After the Israelites worship the golden calf, Moses smashes the tablets of God’s teaching. In response, the Lord tells Moses, “Cut for yourself two tablets of stone like the first, and I will write on the tablets the words that were on the first tablets” (Exodus 34:1). When Moses creates new tablets, he offers Israel a second chance to keep the covenant. Yet, God does more than just renew the commands. Moses’ interaction with God in Exodus 34 recalls their first meeting at the burning bush (3:1-4:17), which shows that God makes a fresh start with the Israelites after their transgression. By using language that reminds readers of the burning bush, Scripture highlights God’s willingness to offer second chances, and to remain a constant source of salvation for imperfect people.
After Moses receives the new Torah tablets, “the skin of his face (פנים; panim) shone because he had spoken with [God]” (34:29). Moses put “a veil over his face, [but] whenever Moses went in before the Lord... he would remove (סור; sur) the veil” (34:33-34). The Hebrew סור (sur)—translated “remove”—literally means to “turn.” Moses’ “turning” the veil from his face recalls the very first meeting between him and God. When Moses spots a bush ablaze, he says, “I will turn (סור; sur) to see” (3:3)—but when God called to him out of the bush, “Moses hid his face (פנים; panim), for he was afraid to look at God” (3:6). When Moses receives the new tablets, however, he does not “turn” and hide his face as he did at the burning bush, but rather “turns” the veil from his face in order to commune more closely with God. Exodus 34 returns the reader to Exodus 3 to show how the relationship between Moses and God has been strengthened since their first encounter.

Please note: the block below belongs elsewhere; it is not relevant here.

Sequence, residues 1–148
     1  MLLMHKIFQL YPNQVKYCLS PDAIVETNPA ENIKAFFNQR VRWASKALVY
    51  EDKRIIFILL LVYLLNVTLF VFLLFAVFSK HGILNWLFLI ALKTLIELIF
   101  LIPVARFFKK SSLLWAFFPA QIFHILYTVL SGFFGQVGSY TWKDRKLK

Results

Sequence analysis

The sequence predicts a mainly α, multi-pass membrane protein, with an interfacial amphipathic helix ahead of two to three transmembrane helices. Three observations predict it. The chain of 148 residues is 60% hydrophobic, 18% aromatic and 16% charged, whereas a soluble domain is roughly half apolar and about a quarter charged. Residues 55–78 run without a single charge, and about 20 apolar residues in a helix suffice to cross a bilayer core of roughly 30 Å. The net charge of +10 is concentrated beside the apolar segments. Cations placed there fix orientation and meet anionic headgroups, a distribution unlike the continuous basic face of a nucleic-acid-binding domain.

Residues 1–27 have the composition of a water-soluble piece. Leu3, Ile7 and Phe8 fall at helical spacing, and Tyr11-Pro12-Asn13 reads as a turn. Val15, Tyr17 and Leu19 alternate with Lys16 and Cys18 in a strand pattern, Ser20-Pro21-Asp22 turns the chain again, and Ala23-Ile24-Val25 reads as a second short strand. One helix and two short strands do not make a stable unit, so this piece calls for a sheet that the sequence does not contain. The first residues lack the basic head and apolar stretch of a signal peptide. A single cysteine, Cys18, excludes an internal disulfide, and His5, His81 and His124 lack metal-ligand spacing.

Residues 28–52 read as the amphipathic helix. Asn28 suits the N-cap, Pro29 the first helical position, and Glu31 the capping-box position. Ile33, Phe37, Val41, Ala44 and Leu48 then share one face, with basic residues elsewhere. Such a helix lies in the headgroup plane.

In the first discussion with Moses, God offers him a sign that anticipates his shining face in Exodus 34. God tells Moses to put his hand into his cloak, and the hand becomes diseased. “Then [God] said, ‘Return (שוב; shuv) your hand into your cloak.’ [Moses] returned (שׁוב) his hand into his cloak, and when he took it out, it was restored (שׁוב; literally, “returned”) like [the rest of] his flesh” (4:7). Just as God provides Moses with a sign that alters his skin at the burning bush, Moses’ skin shines in Exodus 34, and both skin-related miracles necessitate a Mosaic act of “return”: “The skin of Moses’ face was shining, and Moses would return (שוב; shuv) the veil upon his face until he went in to speak with [God]” (34:35). The echoes of the burning bush in Exodus 34 teach readers that even after a transgression as weighty as idol worship, the God of Israel cleans the relational slate; it is as though God meets with Moses for the first time and offers the people the same salvation they received when they came out of Egypt. Exodus emphasizes God’s capacity for offering second chances, and the divine desire to continue alongside us in the wake of tragedy.